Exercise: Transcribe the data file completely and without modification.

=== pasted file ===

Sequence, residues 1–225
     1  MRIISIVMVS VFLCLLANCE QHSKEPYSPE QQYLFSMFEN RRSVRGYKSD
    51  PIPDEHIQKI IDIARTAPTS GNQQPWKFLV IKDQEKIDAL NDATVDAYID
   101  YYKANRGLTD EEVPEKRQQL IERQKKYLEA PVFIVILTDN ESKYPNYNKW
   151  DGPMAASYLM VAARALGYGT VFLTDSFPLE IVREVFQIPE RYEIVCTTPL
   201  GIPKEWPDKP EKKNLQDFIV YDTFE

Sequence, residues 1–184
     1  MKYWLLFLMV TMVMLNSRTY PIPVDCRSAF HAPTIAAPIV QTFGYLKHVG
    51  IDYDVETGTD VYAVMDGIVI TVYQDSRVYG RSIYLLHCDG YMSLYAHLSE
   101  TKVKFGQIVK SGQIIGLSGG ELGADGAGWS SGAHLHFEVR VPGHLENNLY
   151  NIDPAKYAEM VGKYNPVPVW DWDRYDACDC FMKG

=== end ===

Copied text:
Sequence, residues 1–225
     1  MRIISIVMVS VFLCLLANCE QHSKEPYSPE QQYLFSMFEN RRSVRGYKSD
    51  PIPDEHIQKI IDIARTAPTS GNQQPWKFLV IKDQEKIDAL NDATVDAYID
   101  YYKANRGLTD EEVPEKRQQL IERQKKYLEA PVFIVILTDN ESKYPNYNKW
   151  DGPMAASYLM VAARALGYGT VFLTDSFPLE IVREVFQIPE RYEIVCTTPL
   201  GIPKEWPDKP EKKNLQDFIV YDTFE

Sequence, residues 1–184
     1  MKYWLLFLMV TMVMLNSRTY PIPVDCRSAF HAPTIAAPIV QTFGYLKHVG
    51  IDYDVETGTD VYAVMDGIVI TVYQDSRVYG RSIYLLHCDG YMSLYAHLSE
   101  TKVKFGQIVK SGQIIGLSGG ELGADGAGWS SGAHLHFEVR VPGHLENNLY
   151  NIDPAKYAEM VGKYNPVPVW DWDRYDACDC FMKG